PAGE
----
Sustainability in Smart Cities: The Case of Vitoria-Gasteiz (Spain) – A Commitment to a New Urban Paradigm

Sustainability in Smart Cities: The Case of Vitoria-Gasteiz (Spain) – A Commitment to a New Urban Paradigm

Dolores Gallardo Vázquez, María Teresa Nevado Gil
DOI: 10.4018/978-1-5225-5646-6.ch049
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Cities play an important role in the development of economies, generating wealth and well-being for citizens, providing better, energy efficient and sustainable services and giving residents their rightful place as the cornerstone of city management. Spain has a quite unique example of a smart city, Vitoria-Gasteiz. This is an emblematic city for Europe, which awarded this municipality the title of European Green Capital 2012. This paper seeks to analyse the best sustainable practices through a case study based on content analysis of this city's website. In the social dimension, the results highlight the promotion of resident participation through municipal services, to ensure public debate and transparency. In the environmental dimension, the city has a sustainable mobility plan that aims to reverse the trend towards an increased use of private vehicles by promoting the use of buses, trams and bicycles. Finally, in the economic dimension, the findings underscore the city's economic rigour, transparency in management and economic recovery.
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In recent years, social and economic challenges have arisen from population growth and expanded urbanisation. The growth of the world’s population, in general, and cities, in particular, is now exponential (Enerlis, Ernst and Young, Ferrovial & Madrid Network, 2012). This urban population growth has not emerged through natural processes (i.e. more births), but, instead, people have migrated from less economically favoured areas to more developed regions. In short, cities all over the world are in a state of flux, exhibiting increasingly complex dynamics (Caragliu, Del Bo & Nijkamp, 2009).

This growing influx of people into cities requires new thinking about how to meet the demand for public services, which have to meet more and more citizens’ needs. At the same time, the trend towards urbanisation is intensifying, so policymakers must address the need to provide more services to more people. Clearly, this dramatic increase in population has created a number of problems, such as difficulties in social organisation, complex territorial management and environmental degradation (Chourabi et al., 2012; Enerlis et al., 2012). The purpose of public government is to preserve the wellbeing of its citizens, but many cities’ infrastructure and existing resources are stretched beyond their capacity. Problems associated with urban agglomerations are normally solved through creativity, human capital and cooperation among stakeholders, as well as with bright scientific ideas – in a nutshell, ‘smart solutions’ (Caragliu et al., 2009). All this has led experts to conclude that, currently, city management is a difficult task due to high population density and a large number of different interconnected issues (Cardone et al., 2013). In this context, Belanche, Casaló and Orús (2016) observe that the increasing use of urban services enhances the efficiency of urban management and favours social, environmental and economic sustainability.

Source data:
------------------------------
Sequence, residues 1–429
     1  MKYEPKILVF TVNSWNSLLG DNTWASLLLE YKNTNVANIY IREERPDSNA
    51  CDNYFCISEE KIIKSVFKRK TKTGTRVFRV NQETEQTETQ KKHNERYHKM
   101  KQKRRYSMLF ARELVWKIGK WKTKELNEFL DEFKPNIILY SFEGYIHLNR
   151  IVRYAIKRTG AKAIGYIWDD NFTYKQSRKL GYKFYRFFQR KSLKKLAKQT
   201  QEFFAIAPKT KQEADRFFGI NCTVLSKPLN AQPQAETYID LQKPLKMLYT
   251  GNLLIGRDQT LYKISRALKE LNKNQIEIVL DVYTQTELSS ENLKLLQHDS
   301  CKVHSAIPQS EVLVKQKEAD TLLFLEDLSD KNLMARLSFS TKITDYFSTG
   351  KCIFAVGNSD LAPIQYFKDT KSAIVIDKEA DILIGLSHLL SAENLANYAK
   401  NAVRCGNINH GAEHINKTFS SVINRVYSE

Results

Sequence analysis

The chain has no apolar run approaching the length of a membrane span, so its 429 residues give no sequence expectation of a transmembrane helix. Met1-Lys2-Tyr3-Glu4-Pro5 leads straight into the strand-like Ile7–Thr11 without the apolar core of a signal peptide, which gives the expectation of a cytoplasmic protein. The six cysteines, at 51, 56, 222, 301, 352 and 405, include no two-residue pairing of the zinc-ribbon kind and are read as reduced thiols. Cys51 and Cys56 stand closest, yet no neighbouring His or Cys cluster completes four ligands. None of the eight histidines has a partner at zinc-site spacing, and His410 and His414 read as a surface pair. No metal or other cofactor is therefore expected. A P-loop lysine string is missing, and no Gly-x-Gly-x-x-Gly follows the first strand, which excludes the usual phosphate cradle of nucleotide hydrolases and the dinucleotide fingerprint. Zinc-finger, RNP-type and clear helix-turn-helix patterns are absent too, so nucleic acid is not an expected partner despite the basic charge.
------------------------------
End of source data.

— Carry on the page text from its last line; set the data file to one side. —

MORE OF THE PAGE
Urban living, by its very nature, already creates major challenges in residents’ daily lives. Currently, more than 400 cities exist with more than 1 million inhabitants, as well as 23 megacities (i.e. metropolitan areas with a population of more than 10 million), mainly in Asia (UN, 2012). The United Nations (UN) Population Fund forecasts that, by 2030, approximately 60% of the world’s population will live in an urban environment, while 27 megacities with more than 10 million residents are projected to appear (Vlacheas et al., 2013). Cardone et al. (2013) affirm that large cities are already extremely important in social development. A full 50% of the world’s population lives in cities, the top 100 urban centres account for 25% of the global gross domestic product and, by 2050, the total urban population will be almost 6.4 billion people. In developed countries, this percentage is even higher (i.e. more than 86%). Global urbanisation is taking place at an unparalleled speed. In 1970, there were just two megacities (i.e. Tokyo and New York). In 1990, there were 10, in 2011, 23, and, by 2025, there will be 37 megacities (Van Leeuwen & Sjerps, 2016). Given this situation, global resources must be treated as limited and scarce, and a growing population implies pressures on these, creating a higher demand for water and energy.

From a social perspective, the tightly knit collaborative communities of cities promote a free flow of ideas, leading to exponentially greater innovation. In this context, an example of just such innovative measures is how governments have undertaken ‘smart city’ (SC) initiatives to bring better services that respond to the demands of an increasingly urban population. Therefore, SCs enable a set of initiatives that city leaders can undertake that lead to a better use of resources. These measures imply different innovations based on the use of information and communication technologies (ICTs) in order to develop more efficient services (Vlacheas et al., 2013). In this way, governments have instituted innovations in education, healthcare, public safety, utilities, administration and other areas.

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